During this year’s club and showcase festival WAVES VIENNA, special attention was paid to the music business in the Czech Republic. Numerous experts were invited to participate under the title “Focus Country Czech Republic”. Three of them took part in the first Czech panel: MÁRTON NÁRAY from the CZECH MUSIC OFFICE, PETR BLAŽEK with his label “DaSka Records” and DANIEL ŠUBRT, bandleader of THE DRAIN.

Márton Náray smiled as he handed out the leaflets and said that it was a great pleasure to have managed to fit so many Czech music experts into a small folder. Bands planning to tour in the Czech Republic in the near future should take a closer look at the folder and the persons mentioned within. Because without connections, it is not easy to find a way into the Czech music scene.


This was also confirmed by Daniel Šubrt, who emphasised the need for personal connections to the Czech music scene when asked about the best way to get there. The best thing to do is to contact bands from your own country who are members of a similar genre and ask them if they have ever played in the Czech Republic. If so, please ask for a personal recommendation, which can be sent to the respective booker or club operator. Šubrt said he himself often receives such mails in which one band recommends another. If the cooperation at that time had been good, the interest in this new group would immediately be intensified.

The Czech music business still lacks professionalism, said Petr Blažek. He ironically remarked that he had actually planned to speak only optimistically about the subject of music business in the Czech Republic. There are two higher educational institutions in the Czech Republic where you can study culture and music management, but somehow he has never really met music managers who have actually completed such an education. Building up a new band is difficult, but the hard work can really be worthwhile if you do it right. Blažek is currently in charge of five bands at “DaSka Records”, with which he is – as he remarked – going through ups and downs.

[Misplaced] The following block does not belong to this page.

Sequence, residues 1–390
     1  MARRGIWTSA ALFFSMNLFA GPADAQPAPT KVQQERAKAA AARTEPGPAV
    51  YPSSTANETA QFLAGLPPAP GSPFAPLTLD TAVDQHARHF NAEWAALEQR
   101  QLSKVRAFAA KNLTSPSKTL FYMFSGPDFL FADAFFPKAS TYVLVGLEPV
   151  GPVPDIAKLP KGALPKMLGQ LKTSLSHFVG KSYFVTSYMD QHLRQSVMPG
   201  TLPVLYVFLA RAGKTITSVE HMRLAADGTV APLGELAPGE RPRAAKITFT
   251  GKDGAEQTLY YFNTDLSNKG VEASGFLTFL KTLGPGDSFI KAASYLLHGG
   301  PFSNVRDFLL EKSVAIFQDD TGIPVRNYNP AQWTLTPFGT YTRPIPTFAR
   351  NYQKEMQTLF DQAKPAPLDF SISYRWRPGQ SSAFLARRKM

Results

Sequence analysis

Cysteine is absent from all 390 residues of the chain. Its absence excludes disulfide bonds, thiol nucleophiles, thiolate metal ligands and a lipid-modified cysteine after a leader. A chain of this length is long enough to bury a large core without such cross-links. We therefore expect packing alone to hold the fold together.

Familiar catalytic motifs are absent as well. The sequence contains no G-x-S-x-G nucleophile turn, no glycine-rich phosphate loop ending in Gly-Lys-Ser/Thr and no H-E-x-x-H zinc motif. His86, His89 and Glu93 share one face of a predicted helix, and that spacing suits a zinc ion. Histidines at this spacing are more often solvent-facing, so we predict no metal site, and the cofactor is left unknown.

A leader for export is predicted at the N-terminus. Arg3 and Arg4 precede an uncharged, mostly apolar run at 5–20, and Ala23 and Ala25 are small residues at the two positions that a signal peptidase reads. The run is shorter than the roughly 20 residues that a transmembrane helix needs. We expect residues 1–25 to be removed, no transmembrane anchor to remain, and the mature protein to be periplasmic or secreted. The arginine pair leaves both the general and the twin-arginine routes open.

It isn’t that the club owners or bookers themselves are unprofessional, Náray said, it is just that they don’t communicate with each other. And Šubrt, who has been researching the Czech music business for some years, was in his element: It shouldn’t be necessary to meet at showcase festivals several hundred kilometres away from home if you live only 50 kilometres apart from each other in the Czech Republic. Club owners should communicate with each other, they should work together to organize bands. The three speakers agreed that such cooperation could benefit everyone.

But it’s not all bad, because the Czech scene has improved considerably in recent years. This is also reflected in the sales figures: the music business is still making money, be it in the digital or analogue sector. That is why the Czech Music Office was founded, because after many years of planning, it was clear that a state contact point for the local musicians had to be established. The Czech Music Office stands between the artistic and the private sector, trying to unite both areas.

“You can’t do it by yourself,” said Náray, saying that if you want to make progress as an industry, you have to stick together. And all three of them agreed on that.

Anne-Marie Darok (translated from German by David Dempsey)

Extended Czech and Italian delegations, dedicated panels and country receptions were a major part of Waves Vienna 2017. In November 2017, Austrian Music Export will be continuing a series of Austrian networking and showcase events in the Czech Republic (Nouvelle Prague) and Italy (Linecheck Festival/Milan Music Week), this year´s focus countries. Both festivals will feature a networking and showcase event with Austrian bands, matchmaking sessions, and a relaxed Meet & Greet with international music industry representatives, media and artists. If you are interested in taking part in the events, please get in touch at office(at)musicexport.at.

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